Music and verbal meaning: Machaut’s polytextual songs (contains links to full text)


Opening of Machaut’s De triste/Quant/Certes (B29)

A paper showing that the music’s functional, contrapuntal aspect can significantly inflect the meaning of the texts that it delivers.

This article argues that our modern experience of songs and singing, whether expert, amateur, or entirely uninformed and passive, is almost completely misleading when it comes to appreciating the singing of late-medieval lyric. The focus here is on polyphonic songs that align several texts for simultaneous delivery—a somewhat special category of work. Machaut wrote three such works: Sans cuer/Amis/Dame (B17), Quant Theseus/Ne quier (B34) and De triste cuer/Quant/Certes (B29). I consider the first two of these briefly before focusing on the last one, B29, to show that the argument that the three differently texted voices present is significantly inflected by the musical (specifically the functional, contrapuntal) relationship between the voices that carry them.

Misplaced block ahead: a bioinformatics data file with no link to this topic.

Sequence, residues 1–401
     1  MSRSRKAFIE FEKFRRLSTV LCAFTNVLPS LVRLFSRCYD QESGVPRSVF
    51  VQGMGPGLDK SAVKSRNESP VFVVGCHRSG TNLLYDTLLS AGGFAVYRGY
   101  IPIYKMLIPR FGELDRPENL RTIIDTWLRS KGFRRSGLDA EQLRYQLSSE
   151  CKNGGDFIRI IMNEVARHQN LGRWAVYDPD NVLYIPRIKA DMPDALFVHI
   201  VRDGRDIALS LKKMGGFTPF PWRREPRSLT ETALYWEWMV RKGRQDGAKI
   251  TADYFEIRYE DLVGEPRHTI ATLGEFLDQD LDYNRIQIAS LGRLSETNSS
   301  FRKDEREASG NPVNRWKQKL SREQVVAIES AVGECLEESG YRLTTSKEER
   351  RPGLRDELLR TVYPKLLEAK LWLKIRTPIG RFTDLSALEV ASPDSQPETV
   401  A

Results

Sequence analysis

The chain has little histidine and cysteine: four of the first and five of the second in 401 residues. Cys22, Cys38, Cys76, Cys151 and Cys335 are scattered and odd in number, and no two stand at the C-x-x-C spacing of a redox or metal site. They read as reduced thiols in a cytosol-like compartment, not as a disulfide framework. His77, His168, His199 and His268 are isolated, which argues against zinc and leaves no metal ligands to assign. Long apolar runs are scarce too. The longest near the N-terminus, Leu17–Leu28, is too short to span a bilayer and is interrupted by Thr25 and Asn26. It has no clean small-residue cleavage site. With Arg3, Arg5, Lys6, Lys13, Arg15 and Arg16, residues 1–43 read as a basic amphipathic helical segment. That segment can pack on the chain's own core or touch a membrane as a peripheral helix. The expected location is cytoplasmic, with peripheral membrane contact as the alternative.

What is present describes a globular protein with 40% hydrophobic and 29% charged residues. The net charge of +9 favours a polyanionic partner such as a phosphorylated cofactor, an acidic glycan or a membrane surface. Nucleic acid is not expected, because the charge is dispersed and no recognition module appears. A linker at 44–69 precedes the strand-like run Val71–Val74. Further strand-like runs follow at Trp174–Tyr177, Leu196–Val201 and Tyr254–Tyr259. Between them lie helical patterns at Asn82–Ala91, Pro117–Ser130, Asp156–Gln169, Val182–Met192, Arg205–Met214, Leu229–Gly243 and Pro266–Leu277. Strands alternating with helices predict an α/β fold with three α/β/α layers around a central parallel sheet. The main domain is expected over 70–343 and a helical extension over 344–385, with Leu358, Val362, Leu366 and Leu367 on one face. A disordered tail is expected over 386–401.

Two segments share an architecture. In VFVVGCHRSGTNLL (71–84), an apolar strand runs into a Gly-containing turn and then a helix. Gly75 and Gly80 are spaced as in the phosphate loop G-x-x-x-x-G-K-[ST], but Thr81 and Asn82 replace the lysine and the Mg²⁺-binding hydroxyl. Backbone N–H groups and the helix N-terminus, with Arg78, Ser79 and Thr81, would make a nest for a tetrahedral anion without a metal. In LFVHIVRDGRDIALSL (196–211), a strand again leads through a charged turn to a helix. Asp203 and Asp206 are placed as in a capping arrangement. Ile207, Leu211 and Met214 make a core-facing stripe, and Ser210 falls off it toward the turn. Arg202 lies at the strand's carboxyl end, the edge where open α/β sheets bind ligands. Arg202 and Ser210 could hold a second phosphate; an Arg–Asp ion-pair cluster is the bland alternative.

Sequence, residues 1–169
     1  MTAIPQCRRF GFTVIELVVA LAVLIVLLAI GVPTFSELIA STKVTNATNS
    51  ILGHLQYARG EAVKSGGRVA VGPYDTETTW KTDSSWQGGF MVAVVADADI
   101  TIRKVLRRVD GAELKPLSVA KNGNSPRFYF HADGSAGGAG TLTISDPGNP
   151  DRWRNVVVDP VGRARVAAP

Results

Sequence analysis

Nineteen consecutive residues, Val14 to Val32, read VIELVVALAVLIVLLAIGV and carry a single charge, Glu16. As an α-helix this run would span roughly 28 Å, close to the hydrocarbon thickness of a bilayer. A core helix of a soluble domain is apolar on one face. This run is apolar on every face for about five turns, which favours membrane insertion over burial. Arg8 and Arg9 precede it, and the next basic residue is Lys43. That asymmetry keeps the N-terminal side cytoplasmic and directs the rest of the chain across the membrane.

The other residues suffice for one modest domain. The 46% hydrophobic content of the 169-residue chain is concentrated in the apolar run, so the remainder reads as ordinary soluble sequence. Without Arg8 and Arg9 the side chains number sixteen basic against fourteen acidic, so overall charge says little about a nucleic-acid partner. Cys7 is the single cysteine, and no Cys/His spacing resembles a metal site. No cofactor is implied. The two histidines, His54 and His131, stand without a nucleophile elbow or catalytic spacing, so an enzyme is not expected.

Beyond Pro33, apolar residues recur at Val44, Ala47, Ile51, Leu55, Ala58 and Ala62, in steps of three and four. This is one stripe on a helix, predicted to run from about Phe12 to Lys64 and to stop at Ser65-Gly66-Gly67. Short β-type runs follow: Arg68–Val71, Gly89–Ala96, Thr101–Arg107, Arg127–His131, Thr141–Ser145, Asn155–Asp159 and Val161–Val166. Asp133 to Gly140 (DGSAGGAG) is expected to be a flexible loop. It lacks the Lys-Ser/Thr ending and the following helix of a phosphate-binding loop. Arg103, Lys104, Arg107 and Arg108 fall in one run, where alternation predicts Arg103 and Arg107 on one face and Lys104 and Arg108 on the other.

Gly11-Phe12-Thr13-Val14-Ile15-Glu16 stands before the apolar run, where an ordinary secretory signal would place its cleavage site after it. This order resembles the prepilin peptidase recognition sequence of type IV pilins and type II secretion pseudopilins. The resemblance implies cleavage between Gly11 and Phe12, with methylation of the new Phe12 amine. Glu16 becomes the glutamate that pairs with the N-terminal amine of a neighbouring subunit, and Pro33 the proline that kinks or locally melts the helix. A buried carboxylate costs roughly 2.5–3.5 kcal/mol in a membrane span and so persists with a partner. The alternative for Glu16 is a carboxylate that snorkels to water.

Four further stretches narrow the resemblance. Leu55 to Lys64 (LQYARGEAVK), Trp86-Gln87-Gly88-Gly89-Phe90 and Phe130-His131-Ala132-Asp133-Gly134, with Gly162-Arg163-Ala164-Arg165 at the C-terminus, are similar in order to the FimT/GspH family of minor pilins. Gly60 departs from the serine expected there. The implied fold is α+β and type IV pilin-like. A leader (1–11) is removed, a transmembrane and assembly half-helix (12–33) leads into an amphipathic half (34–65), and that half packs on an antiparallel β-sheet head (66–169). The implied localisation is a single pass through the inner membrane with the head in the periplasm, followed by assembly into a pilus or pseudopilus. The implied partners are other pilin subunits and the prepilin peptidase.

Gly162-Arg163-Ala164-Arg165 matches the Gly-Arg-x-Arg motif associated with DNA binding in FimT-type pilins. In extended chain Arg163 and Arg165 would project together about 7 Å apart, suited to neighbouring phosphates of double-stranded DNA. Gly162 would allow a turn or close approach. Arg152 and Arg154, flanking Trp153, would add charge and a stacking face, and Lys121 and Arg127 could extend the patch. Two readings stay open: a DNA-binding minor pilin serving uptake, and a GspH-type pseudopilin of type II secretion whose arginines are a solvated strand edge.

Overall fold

Abstract

Music’s centrality to the construction of meaning in the texts of B29 and the other polytextual pieces reflects the broader cultural use of music as a meaningful—and not just a pleasant—component of lyric performance. I aim to bring out the potential significance of the dimension of performance—specifically sung musical performance—to scholars who normally consider only written forms of such works, whether poetic or musical. This article thus addresses both those literary scholars who might want to know what kinds of meanings a musical setting might add to a written poem that they usually consider just as verbal text (written or spoken) and those musicologists who might want to consider the performed moment of a piece in conjunction with their more usual “reading” of it as a notated modern score.

The online subscription version (available via CUP) is accompanied by sound files that enable the listener to hear the individual voice parts, any two in combination, and the complete three-part balade.

Link to the full-text PDF. Published as Elizabeth Eva Leach, “Music and Verbal Meaning: Machaut’s Polytextual Songs,” Speculum 85/3 (2010), 567-591. © Cambridge University Press 2010. Reprinted with permission.

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